If you have enough money— you don’t have to be rich, but if you have enough to meet your needs, pay your bills, and put a little in savings— the constant anxiety of just getting by disappears. The persistent worry you were carrying fades. The biggest effect money has had on me is that now, every day, I’m grateful for the relief from that anxiety.

The other thing I’ll say about money is that having a lot of it amplifies who you are. I have found this to be almost universally true. If you’re a nice person, and then you get money, you become a wonderful philanthropist. But if you’re an asshole, with lots of money you can afford to be more of an asshole: “Why isn’t my soda at sixty-eight degrees Fahrenheit?” You choose who you are no matter what, but I have to say that the anxiety of making ends meet gives you a bit of a pass. When you’re rich, you have no excuse.

On Twitter:
We didn’t set out to build a tool to help people make decisions about earthquakes. This would be our next lesson, the biggest that Twitter had to offer: even the simplest tools can empower people to do great things.

Twitter taught me that our behavior, as humans, is infinitely expandable. The technology of Twitter didn’t teach humans to flock. It exposed our latent ability to do so. Mind-blowing!

Flocking is a triumph of humanity. It can make things happen. Imagine if humanity could cooperate like an emergent life form— we could get things done in a single year that would otherwise take one hundred years to do. Imagine if all the world’s astrophysicists put their egos aside and collaborated on a Mars mission? Or all the environmental scientists worked as one on global warming? Or the world’s best oncologists took on cancer together, one type at a time? Only 114,000 people in the world have thirty million dollars or more in assets. What if they were in a Google group and decided to invest in one thing to change the course of history? Then there’s all of us, and together we are more powerful than any one thing. Can you imagine what we could get done?

On Twitter "HR":
We should always seek knowledge, even in the face of fear. And so I gave the Twitter employees a set of assumptions that I hoped would replace their fears, reminding them to keep their minds open, pursue knowledge, and see the bigger picture. When new employees joined Twitter, Evan and I met with them. We took the time to tell the story of how the company got started, and we shared and discussed the following six assumptions. Assumptions for Twitter Employees:
  • We don’t always know what’s going to happen. 
  • There are more smart people out there than in here. 
  • We will win if we do the right thing for our users. 
  • The only deal worth doing is a win-win deal. 
  • Our coworkers are smart and they have good intentions. 
  • We can build a business, change the world, and have fun.

Quote of the Day

It’s normally agreed that the question ‘How are you?’ doesn’t put you on your oath to give a full or honest answer. So when asked these days, I tend to say something cryptic like, ‘A bit early to say.’ (If it’s the wonderful staff at my oncology clinic who inquire, I sometimes go so far as to respond, ‘I seem to have cancer today.’) Nobody wants to be told about the countless minor horrors and humiliations that become facts of ‘life’ when your body turns from being a friend to being a foe: the boring switch from chronic constipation to its sudden dramatic opposite; the equally nasty double cross of feeling acute hunger while fearing even the scent of food; the absolute misery of gut-wringing nausea on an utterly empty stomach; or the pathetic discovery that hair loss extends to the disappearance of the follicles in your nostrils, and thus to the childish and irritating phenomenon of a permanently runny nose. Sorry, but you did ask… It’s no fun to appreciate to the full the truth of the materialist proposition that I don’t have a body, I am a body.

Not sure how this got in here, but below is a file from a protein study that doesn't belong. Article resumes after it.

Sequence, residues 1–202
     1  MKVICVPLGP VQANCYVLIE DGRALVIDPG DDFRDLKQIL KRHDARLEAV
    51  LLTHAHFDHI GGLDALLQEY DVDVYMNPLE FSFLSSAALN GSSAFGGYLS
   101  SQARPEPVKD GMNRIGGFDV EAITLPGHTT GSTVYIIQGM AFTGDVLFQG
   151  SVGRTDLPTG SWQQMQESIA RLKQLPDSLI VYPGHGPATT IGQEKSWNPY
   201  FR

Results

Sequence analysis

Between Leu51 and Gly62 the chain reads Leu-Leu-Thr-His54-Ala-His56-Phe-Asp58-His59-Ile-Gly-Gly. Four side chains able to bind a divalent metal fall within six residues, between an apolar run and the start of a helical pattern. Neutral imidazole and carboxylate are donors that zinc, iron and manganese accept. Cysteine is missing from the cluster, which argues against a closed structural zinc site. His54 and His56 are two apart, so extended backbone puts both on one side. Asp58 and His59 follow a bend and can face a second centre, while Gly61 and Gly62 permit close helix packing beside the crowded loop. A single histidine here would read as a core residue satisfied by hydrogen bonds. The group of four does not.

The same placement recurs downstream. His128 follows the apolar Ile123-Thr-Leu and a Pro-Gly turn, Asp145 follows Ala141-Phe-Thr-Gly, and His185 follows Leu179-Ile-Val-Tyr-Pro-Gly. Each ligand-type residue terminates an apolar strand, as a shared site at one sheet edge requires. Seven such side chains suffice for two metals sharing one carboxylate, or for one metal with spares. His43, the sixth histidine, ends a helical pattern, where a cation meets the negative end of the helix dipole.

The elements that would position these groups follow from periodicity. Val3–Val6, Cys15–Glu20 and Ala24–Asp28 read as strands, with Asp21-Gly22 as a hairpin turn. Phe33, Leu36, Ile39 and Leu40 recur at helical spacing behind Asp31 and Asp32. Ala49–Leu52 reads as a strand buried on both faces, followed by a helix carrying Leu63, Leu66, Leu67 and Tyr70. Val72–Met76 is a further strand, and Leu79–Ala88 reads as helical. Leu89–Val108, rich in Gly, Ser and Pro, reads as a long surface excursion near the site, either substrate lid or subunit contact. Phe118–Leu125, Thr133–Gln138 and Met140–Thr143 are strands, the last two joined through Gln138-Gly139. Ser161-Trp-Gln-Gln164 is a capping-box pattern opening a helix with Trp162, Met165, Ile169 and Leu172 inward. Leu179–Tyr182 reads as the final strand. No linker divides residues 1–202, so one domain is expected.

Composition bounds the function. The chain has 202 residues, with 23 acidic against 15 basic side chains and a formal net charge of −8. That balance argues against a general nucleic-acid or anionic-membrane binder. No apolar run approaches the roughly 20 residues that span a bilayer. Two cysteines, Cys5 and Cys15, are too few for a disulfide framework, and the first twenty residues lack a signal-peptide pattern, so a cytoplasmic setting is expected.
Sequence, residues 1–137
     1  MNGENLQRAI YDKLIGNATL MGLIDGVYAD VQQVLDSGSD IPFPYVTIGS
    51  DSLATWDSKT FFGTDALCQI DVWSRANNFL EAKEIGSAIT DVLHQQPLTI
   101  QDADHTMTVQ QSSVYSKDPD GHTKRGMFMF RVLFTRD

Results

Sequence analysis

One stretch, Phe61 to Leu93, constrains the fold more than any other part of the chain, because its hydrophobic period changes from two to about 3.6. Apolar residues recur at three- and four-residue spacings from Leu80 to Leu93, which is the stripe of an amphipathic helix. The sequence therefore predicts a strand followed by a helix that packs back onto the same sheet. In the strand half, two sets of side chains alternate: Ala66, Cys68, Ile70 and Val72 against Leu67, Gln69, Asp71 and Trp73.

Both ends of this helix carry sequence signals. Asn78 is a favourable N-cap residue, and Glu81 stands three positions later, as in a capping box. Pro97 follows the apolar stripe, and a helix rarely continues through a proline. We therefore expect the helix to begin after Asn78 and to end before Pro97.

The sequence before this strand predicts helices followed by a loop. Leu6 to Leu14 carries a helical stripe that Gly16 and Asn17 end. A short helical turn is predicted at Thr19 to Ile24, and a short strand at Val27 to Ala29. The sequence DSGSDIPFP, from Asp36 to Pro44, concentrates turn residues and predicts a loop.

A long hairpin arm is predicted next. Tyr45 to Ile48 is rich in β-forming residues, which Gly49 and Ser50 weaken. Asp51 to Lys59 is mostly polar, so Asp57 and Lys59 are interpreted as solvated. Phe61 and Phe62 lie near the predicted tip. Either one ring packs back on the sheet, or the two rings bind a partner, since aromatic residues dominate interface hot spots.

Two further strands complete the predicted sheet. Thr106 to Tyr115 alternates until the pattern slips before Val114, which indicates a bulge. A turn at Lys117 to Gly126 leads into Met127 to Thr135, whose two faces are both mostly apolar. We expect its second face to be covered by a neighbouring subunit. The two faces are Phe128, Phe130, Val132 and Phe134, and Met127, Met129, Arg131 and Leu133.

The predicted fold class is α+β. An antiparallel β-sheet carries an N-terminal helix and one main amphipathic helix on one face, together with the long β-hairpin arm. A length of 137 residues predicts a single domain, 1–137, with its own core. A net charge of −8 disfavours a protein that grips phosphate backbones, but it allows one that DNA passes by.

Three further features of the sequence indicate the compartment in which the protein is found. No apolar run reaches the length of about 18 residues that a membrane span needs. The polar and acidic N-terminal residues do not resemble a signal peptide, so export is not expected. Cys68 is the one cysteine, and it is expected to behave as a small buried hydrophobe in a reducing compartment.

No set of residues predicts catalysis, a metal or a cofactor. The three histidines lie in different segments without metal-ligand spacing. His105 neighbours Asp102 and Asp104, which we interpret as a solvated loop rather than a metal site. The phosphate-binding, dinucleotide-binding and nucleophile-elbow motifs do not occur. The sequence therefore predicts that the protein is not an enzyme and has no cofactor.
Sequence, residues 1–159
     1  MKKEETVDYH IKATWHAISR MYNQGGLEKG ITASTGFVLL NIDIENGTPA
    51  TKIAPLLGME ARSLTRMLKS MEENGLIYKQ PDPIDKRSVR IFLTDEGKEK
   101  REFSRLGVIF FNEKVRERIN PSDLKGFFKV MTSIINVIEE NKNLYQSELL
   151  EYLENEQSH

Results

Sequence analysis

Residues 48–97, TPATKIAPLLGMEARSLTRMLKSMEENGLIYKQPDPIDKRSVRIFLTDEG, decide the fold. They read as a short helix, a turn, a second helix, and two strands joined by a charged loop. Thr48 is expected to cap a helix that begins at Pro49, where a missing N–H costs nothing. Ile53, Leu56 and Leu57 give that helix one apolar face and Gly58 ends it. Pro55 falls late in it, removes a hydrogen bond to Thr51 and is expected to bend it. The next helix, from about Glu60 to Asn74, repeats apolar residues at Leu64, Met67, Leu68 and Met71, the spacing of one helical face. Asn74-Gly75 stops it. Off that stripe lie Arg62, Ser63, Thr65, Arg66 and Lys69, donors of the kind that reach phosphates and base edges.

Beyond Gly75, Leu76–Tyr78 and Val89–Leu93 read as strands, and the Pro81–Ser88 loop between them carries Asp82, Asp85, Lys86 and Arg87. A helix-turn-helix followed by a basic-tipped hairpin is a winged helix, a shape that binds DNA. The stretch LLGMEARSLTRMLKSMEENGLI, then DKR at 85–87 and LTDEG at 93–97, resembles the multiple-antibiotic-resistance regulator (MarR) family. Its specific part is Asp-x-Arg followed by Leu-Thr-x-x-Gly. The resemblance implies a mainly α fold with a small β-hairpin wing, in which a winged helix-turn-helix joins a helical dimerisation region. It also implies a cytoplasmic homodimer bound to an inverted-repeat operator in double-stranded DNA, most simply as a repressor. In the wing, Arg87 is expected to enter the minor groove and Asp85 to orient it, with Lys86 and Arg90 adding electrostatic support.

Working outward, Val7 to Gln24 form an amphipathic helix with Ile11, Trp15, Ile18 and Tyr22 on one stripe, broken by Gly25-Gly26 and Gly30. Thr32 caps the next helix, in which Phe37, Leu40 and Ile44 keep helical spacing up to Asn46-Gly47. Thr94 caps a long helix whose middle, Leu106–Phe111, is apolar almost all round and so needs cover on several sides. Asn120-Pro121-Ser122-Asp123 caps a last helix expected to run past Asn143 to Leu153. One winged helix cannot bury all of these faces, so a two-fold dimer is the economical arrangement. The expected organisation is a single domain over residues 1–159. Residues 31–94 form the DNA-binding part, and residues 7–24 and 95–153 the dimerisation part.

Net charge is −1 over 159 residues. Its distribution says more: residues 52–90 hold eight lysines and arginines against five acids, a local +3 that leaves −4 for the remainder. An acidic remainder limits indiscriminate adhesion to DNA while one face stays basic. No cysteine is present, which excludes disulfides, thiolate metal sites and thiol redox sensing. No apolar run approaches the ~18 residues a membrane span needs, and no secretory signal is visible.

- Christopher Hitchens, Mortality (He would have been 65 yesterday)

Sunday, April 13, 2014

Is There a Flynn Effect for Dogs?

“People want to get inside the heads of their dogs, and after 40,000 years living alongside them, science is finally helping us do it,” Mr. Hare said over the phone. He was on his way to Congo to do fieldwork with Bonobo monkeys, his other species of focus.

It’s true that dogs everywhere are doing things that would have been unimaginable in the Alpo era. Last year, researchers at the University of Pennsylvania’s Working Dog Center trained a team of shepherds and retrievers to sniff out lab samples containing ovarian cancer. Scent hounds are also being used to forecast epileptic seizures and potentially life-threatening infections. A black Labrador from the St. Sugar Cancer-Sniffing Dog Training Center in Chiba, Japan, was accurate 98 percent of the time in picking up early-stage signs of colon cancer. As Mr. Hare, from Duke, said, “I will take a dog smelling my breath over a colonoscopy any day of the week, even if it’s just an experiment.”

- via Tyler

What I've Been Reading